Using the formula for calculating the volume of a hemisphere we can proceed as follows:

V = 2/3 pi R3 (Formula for the volume of a hemisphere)
(One inch = 2.54 centimeters)
(1000.028 cm3 = 1 liter)

1. The polar radius of the earth is 3949.89 miles (1957 International Geological Survey)
2. The length of the sacred cubit is 1/10,000,000th of this.
3. The sacred cubit is thus 25.026503 inches.
4. The radius (i.e. half the diameter) of King Solomon's sea is 125.13252 inches.
5. The radius of King Solomon's sea in centimeters is 317.83659 cm.
6. The radius cubed is 32107900 cm3
7. The radius cubed multiplied by two-thirds is 21405267 cm3
8. This value multiplied by pi is 67246629 cm3
9. This total volume divided by three-thousand is 22415.543 cm3
10. One bath in liters is this value divided by 1000.028
11. This yields 22.414915 liters for one bath.

This value for the bath is the standard unit of volume in chemistry known as a molar volume and is given in chemistry textbooks as 22.414 liters. It is derived in a completely different way from the kinetic theory of gases. This mathematically connects the cubit to the bath in a very straightforward way.
It turns out that the volume in Biblical baths (or ephahs) of any size hemisphere can be derived by cubing its diameter and multiplying by three, provided Biblical cubits are used in measuring the diameter.
The Biblical talent appears to have been the weight of two baths of water (44.828 liters) which is 98.84 pounds. One of the reasons for concluding this is based on a conversation I once had with my grandmother.
I asked her what the Jews used to represent their old Biblical money. She related that once out of curiosity she went to a Jewish confessional to see what it was like, and observed that during the confessional everyone contributed a quarter.
Now every man in Israel 20 years old and up was required to give a half-shekel of the sanctuary (also known as a bekah). So if a quarter might represent a bekah, what then should a shekel of pure silver weigh?
Before the devaluation of American silver coinage, a silver dollar was defined as containing 412.5 grains of silver nine-tenths fine. Thus if it were pure silver it should weigh 458-1/3 grains, and a fifty cent piece should be representative of a shekel of 229-1/6 grains. According to a careful reading of Ex. 38:25-26, three-thousand shekels of the sanctuary would weigh a talent. Thus 3000 x 229-1/6 grains should weigh a talent. Since there are 7000 grains per pound, this works out to 98.21 lbs. for the weight of a talent.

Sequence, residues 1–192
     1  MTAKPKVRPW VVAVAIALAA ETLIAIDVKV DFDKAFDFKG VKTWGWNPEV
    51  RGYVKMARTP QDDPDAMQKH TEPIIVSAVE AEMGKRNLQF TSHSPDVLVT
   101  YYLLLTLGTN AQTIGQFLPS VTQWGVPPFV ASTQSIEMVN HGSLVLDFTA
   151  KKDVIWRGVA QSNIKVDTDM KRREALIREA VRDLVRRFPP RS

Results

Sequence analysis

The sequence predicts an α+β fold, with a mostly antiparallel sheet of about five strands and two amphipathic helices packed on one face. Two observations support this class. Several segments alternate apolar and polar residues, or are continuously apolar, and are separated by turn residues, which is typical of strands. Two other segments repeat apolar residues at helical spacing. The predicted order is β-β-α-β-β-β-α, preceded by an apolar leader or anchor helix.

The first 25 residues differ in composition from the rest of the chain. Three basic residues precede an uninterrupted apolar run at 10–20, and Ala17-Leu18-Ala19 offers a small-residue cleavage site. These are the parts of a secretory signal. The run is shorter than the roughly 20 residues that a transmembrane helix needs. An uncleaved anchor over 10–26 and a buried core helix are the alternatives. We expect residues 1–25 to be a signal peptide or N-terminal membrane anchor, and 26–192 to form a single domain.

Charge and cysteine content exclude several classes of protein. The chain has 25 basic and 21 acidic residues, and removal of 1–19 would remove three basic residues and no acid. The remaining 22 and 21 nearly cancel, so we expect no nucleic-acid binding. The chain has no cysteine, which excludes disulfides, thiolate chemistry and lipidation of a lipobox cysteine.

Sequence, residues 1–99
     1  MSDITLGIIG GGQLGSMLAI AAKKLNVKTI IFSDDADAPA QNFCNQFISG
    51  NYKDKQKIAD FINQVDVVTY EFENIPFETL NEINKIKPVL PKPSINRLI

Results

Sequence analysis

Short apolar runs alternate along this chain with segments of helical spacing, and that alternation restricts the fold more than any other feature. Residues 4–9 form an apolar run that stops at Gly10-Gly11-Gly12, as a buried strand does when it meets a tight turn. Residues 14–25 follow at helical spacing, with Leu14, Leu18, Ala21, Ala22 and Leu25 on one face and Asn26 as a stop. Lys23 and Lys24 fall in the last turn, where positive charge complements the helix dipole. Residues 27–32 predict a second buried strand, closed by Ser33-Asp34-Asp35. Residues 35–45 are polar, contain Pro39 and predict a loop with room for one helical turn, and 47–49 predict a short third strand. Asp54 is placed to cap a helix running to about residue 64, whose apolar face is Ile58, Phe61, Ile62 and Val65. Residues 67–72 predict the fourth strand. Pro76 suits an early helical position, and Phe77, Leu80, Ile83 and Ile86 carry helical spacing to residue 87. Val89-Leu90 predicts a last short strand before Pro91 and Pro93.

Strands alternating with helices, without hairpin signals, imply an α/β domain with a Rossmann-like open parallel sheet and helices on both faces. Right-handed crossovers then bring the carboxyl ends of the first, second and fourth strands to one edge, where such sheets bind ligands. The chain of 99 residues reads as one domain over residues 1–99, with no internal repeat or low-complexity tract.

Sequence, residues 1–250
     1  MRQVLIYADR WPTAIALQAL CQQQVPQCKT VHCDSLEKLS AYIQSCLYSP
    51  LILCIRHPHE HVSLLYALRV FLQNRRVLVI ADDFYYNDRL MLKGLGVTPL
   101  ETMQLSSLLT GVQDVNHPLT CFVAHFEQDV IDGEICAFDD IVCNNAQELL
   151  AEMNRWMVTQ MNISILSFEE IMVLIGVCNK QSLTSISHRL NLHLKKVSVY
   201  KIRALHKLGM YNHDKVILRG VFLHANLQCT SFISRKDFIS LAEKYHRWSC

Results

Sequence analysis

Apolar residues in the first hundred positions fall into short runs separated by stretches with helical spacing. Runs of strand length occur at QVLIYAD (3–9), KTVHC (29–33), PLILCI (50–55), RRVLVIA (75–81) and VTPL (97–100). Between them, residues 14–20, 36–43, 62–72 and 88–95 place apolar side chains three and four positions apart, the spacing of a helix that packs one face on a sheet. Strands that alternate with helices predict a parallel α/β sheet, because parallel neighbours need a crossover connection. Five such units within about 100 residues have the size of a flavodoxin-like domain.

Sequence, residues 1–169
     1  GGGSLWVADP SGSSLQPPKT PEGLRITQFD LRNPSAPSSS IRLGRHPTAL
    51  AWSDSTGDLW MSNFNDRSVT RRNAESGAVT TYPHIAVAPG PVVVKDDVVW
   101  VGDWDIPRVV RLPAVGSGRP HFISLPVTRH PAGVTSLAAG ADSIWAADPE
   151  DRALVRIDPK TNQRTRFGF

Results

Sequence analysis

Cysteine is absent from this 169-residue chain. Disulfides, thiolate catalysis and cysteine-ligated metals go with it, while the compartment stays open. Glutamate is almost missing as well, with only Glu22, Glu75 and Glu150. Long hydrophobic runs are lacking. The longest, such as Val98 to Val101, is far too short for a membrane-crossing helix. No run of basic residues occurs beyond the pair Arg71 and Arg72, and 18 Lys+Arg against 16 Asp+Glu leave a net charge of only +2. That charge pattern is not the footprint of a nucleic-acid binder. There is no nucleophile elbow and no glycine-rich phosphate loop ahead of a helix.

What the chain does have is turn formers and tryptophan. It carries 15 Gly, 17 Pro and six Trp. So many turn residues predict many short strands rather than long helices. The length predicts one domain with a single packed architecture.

The Biblical scholar Scofield in the Scofield Bible gives a value of 96 pounds which is apparently derived from Archbishop Ussher's estimate of a shekel's weight at 2 shillings 5 pence.
William Winston at the back of his translation of Josephus gives information which implies a shekel's weight is 232.4 grains (2 shillings 6 pence) which upon calculation yields a talent of 99.6 pounds. Thus it would suggest that we have a scientific definition for determining the weight of a talent.
As to the general consensus that the cubit was 18", this might be because the Egyptian cubit that the Israelites used in building the cities of Pharaoh was retained by them to some degree after they left Egypt.
Appealing to theological typology, Egypt is considered to be a type of the world, and we might not be unwarranted in considering Egyptian weights and measures to be of a secular rather than of a sacred nature.
As you can see, even though King Solomon's sea was broken up into pieces by the Chaldeans and the brass taken away to Babylon, dashing the hope of ever finding it intact so as to be able to actually measure it, the Lord has given us enough information to know beyond a reasonable doubt what His system of weights and measures is.
Incidently, 6 American gallons by volume are only 1-1/3% larger than 22.414 liters, and the bath was divided into 6 parts called hins. America would only have to change the inch by one part in a thousand, define the weight of two baths of water to weigh 100 pounds, and declare 6 gallons to be equal to a molar volume to refine the English system of weights and measures to be in line with the ancient and more scientifc God-given Hebrew system of weights and measures. It is not a coincidence that the country that unknowingly uses a system of weights and measures close to those God gave Israel has been a close friend to Israel.
Has any ancient artifact been found that implies that the cubit was indeed 25 inches? You may want to check out the following internet website: (http://www.thefutureevent.com/Ark.htm)

Sincerely in the Loving Saviour,

Dave Gracely

Sources consulted:

1. Dispensational Truth - Clarence Larkin. Copyright 1918.

2. The Great Pyramid---Its Secrets and Mysteries Revealed by
Piazzi Smyth. Originally published in 1880 as Our Inheritance
in the Great Pyramid. Special material copyright MCMLXXVIII
(1978) by Crown Publishers, Inc.

3. Secrets of the Great Pyramid by Peter Tompkins. Harper Colophon
Books. Harper and Row, Publishers. copyright 1971.

4. Prophecy In Stone - Noah Hutchings - Hearthstone Publishing